Tuesday, June 19, 2012

Return to Bodie

Many years ago, as a young girl, I traveled a long and dusty road to the ghost town of Bodie. I believe it hadn't been my first trip, but this particular one is clearly still there in my memory.  So strong is that memory, that as my husband and I pulled up to the top of the hillside above Bodie on a hot August day last year, I found that young girl again. There I was, from the back seat of my dad's Galaxy 500, viewing this strange vast desert, dotted with the remnants of a once-booming mining town, this place called Bodie.  Back in 1964, the road to Bodie had been long and dusty...10 miles long to be exact.  Now, it is still long and dusty, but 3 of the 10 miles are paved. I found myself slightly annoyed that this new, paved road was interfering with the memory of my sister, my cousin and I bouncing through the dust. pushing strands of hair from our sweaty faces, and wishing desperately to get to this place called Bodie, a real ghost town. Peeking through windows, stepping into worn wooden buildings, and standing alongside an old bathtub once used, but now resting amidst the tumbleweeds.  I had the hint of remembrance and familiarity of these places, etched in black and white much like the landscape and the weathered structures.  But then I began to see the place in a much different light than I had seen as a 7 year old. It saddened me a bit to think of this town once full of life and people and promise which has bravely stood for over a hundred years, daring the elements to destroy what is now left, but here Bodie still stands.  When I was here last, we ran from place to place looking in windows and bravely standing in front of headstones in the tiny cemetery on the hillside, my sister and cousin daring me to go in to the jailhouse (from my experience as the youngest and and easiest to tease, I dared not). Back then, the 6 of us (my dad, aunt and uncle and us girls) were lone visitors, maybe another family or two that made the long dusty drive from Hwy 395. Now Bodie has become a tourist attraction and a California State Park. We walked along and chatted with visitors from Germany (Germans love U.S. ghost towns), Spain and several visiting from our east coast. I suppose that is a good thing, sharing this treasure and our state history with those curious enough to make the trek, and lovingly under the care of several hearty State Park Rangers who watch over the place, braving the weather these Sierra Nevada's have to offer.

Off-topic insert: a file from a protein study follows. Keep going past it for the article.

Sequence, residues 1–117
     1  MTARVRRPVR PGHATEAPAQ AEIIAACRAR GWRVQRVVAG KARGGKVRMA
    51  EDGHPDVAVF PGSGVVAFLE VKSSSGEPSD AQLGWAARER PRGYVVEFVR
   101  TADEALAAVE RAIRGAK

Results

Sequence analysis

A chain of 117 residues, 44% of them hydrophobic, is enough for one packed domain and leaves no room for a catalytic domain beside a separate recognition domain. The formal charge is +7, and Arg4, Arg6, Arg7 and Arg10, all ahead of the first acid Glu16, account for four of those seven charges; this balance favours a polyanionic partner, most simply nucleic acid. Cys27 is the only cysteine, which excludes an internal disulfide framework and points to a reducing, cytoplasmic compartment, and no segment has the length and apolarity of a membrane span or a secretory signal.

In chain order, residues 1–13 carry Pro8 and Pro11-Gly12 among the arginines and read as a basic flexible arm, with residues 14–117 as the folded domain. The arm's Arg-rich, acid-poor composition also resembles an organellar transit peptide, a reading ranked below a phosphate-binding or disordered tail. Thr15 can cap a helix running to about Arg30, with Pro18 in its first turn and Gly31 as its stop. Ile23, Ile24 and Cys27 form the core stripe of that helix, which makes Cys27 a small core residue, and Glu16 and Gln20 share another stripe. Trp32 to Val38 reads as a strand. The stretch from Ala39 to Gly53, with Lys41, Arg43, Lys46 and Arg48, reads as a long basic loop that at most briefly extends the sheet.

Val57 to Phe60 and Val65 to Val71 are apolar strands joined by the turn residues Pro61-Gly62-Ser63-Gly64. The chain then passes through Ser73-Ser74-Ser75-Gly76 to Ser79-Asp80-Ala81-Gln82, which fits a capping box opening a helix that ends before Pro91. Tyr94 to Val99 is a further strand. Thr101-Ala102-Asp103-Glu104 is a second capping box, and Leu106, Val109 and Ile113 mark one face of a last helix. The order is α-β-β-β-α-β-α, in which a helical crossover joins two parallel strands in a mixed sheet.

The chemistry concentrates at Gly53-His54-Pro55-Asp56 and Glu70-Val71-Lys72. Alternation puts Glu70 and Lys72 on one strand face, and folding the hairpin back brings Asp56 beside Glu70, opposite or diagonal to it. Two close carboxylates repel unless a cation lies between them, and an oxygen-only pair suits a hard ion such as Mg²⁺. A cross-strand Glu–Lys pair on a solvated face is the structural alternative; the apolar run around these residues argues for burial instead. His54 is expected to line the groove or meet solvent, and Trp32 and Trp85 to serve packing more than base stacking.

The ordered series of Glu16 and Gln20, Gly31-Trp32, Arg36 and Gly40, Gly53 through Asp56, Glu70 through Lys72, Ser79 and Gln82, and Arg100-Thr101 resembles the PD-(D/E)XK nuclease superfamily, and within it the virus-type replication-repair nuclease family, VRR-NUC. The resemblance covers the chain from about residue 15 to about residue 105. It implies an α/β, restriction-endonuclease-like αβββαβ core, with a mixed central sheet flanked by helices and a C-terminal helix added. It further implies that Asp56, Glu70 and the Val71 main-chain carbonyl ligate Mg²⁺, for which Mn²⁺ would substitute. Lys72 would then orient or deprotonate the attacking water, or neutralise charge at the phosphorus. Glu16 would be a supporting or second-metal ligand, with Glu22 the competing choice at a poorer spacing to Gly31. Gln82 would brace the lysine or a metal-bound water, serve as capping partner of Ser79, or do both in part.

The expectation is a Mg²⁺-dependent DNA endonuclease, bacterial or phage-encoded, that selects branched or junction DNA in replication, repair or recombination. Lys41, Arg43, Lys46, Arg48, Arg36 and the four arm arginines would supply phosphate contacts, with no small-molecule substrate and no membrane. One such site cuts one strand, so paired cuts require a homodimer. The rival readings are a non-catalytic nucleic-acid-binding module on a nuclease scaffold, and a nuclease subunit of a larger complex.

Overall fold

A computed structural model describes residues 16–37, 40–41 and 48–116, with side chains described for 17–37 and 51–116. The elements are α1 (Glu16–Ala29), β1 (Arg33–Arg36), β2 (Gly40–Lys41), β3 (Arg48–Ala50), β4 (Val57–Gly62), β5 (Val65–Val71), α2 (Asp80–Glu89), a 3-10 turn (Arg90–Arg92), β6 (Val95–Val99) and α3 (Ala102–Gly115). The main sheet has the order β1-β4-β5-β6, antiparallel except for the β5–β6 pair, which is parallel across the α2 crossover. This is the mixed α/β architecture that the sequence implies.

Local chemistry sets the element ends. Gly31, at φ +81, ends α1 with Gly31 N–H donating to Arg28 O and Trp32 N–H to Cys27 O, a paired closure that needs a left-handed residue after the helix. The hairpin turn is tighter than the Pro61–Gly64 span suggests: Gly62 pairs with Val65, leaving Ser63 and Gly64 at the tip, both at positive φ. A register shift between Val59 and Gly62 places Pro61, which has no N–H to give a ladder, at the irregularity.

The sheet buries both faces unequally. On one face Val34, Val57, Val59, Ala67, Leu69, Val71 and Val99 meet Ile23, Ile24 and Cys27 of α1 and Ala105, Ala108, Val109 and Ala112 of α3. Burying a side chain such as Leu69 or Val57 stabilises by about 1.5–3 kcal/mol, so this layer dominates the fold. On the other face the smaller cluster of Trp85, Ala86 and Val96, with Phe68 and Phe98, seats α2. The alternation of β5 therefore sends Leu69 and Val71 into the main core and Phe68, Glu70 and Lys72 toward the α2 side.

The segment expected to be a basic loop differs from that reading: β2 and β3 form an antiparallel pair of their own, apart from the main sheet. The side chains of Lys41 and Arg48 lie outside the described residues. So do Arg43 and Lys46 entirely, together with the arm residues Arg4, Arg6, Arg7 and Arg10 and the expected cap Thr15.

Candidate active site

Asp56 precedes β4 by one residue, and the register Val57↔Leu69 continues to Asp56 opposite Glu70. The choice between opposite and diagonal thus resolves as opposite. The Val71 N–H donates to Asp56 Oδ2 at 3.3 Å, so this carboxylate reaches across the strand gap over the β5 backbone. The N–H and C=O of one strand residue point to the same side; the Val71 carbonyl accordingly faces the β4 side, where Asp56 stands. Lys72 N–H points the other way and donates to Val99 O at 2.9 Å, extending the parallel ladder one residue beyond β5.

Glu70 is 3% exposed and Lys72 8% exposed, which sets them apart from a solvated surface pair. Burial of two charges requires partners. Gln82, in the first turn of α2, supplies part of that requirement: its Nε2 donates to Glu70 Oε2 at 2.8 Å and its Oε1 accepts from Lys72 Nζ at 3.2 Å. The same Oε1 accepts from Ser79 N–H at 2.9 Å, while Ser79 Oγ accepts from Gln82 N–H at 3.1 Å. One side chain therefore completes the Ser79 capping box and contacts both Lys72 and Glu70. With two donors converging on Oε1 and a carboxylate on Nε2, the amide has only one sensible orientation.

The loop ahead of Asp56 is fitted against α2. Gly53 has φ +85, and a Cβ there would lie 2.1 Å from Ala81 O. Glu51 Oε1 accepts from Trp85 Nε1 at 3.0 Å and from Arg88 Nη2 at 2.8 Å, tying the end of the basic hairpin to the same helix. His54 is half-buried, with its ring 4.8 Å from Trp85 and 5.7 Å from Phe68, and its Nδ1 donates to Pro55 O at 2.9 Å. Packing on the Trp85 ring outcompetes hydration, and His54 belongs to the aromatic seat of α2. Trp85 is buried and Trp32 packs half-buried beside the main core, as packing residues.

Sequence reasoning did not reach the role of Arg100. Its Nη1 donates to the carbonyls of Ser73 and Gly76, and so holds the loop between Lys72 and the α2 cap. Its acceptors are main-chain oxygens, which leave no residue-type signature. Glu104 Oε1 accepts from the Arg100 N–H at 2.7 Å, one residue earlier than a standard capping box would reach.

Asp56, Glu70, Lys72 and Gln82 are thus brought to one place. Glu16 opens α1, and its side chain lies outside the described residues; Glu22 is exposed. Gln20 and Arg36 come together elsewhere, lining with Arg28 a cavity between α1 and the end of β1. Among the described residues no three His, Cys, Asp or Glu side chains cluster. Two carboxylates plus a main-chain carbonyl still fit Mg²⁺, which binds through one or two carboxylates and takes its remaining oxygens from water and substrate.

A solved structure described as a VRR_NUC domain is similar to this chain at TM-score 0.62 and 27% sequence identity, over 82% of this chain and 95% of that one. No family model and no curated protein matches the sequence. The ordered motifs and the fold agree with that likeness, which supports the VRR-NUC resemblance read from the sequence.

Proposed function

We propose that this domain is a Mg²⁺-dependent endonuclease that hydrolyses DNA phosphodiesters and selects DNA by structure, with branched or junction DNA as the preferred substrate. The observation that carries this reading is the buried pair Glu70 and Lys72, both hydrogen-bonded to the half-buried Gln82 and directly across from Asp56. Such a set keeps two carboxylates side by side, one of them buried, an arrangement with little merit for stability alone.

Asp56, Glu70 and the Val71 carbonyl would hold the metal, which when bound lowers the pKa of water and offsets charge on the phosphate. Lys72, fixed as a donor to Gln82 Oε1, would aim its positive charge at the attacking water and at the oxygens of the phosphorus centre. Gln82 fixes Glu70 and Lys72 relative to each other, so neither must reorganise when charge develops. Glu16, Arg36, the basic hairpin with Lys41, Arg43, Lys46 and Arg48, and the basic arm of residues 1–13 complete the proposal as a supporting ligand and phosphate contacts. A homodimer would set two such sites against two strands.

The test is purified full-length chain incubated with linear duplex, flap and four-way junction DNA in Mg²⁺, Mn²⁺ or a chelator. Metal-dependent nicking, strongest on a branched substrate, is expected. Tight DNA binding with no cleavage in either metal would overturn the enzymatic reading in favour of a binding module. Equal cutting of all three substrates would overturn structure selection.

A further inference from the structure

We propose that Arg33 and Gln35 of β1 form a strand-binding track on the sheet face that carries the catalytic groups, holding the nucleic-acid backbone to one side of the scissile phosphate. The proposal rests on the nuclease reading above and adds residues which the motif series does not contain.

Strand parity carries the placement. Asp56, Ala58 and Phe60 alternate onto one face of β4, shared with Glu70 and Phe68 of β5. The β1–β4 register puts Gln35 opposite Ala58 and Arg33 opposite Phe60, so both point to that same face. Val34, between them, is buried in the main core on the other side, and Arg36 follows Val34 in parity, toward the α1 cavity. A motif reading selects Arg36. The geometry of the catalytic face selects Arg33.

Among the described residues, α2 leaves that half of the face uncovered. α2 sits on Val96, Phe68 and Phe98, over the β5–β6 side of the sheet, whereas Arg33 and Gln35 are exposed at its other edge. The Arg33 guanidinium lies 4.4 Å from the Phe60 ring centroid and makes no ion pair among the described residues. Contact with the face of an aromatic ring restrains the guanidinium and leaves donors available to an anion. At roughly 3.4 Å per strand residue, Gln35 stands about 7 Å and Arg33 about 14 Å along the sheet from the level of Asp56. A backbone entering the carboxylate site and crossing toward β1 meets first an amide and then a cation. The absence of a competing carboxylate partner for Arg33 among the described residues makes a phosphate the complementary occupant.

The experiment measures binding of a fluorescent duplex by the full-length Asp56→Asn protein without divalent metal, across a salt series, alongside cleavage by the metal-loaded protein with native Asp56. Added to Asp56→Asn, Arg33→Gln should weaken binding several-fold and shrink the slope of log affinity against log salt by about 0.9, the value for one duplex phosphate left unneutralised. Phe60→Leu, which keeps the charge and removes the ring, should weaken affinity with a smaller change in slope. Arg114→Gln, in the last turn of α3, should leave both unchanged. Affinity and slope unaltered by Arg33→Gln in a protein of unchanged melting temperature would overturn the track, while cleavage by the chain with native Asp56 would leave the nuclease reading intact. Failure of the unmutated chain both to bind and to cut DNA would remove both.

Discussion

To me, this old ghost town is like no other. It's real. At least it was real, back before every single man, woman and child high-tailed it out of there after the mining boom ended. A small community of houses, church, a school and everything else a new town had to offer back in the late 1800's. These buildings hold secrets that we can only create in our imaginations, here one day, and gone the next.  Belongings left as they were...as if the occupants had just gone to church for Sunday service.  There was the old wagon, sitting very likely in the same spot it had been in when we climbed up on it, 3 young girls, smiling at my dad as he snapped a photo with his old Kodak so many years ago.  I found that photo a while back, the image of us, waving to my dad, and a much older me...the same worn buildings and exquisite landscape, faded with time and standing quietly behind our smiling faces. 

The land is unforgiving in this high desert.  Extreme heat every summer, and snow that covers already tired buildings each winter. I guess I'll be back to Bodie. It holds for me memories I occasionally bring out to linger on... of long dusty roads, running hand in hand and hearing that familiar "thud-thud" from our keds, bringing up little puffs as they hit the dirt. 

...And somewhere, out there off in the distance, turning my head to the wind, I hear my dad calling out to us in the echo of this old place.

(Click on images to see larger)

Peering through a lonely old house, what were the chances I might capture the image of a long lost soul?...notice the image in the left corner!

For you Dad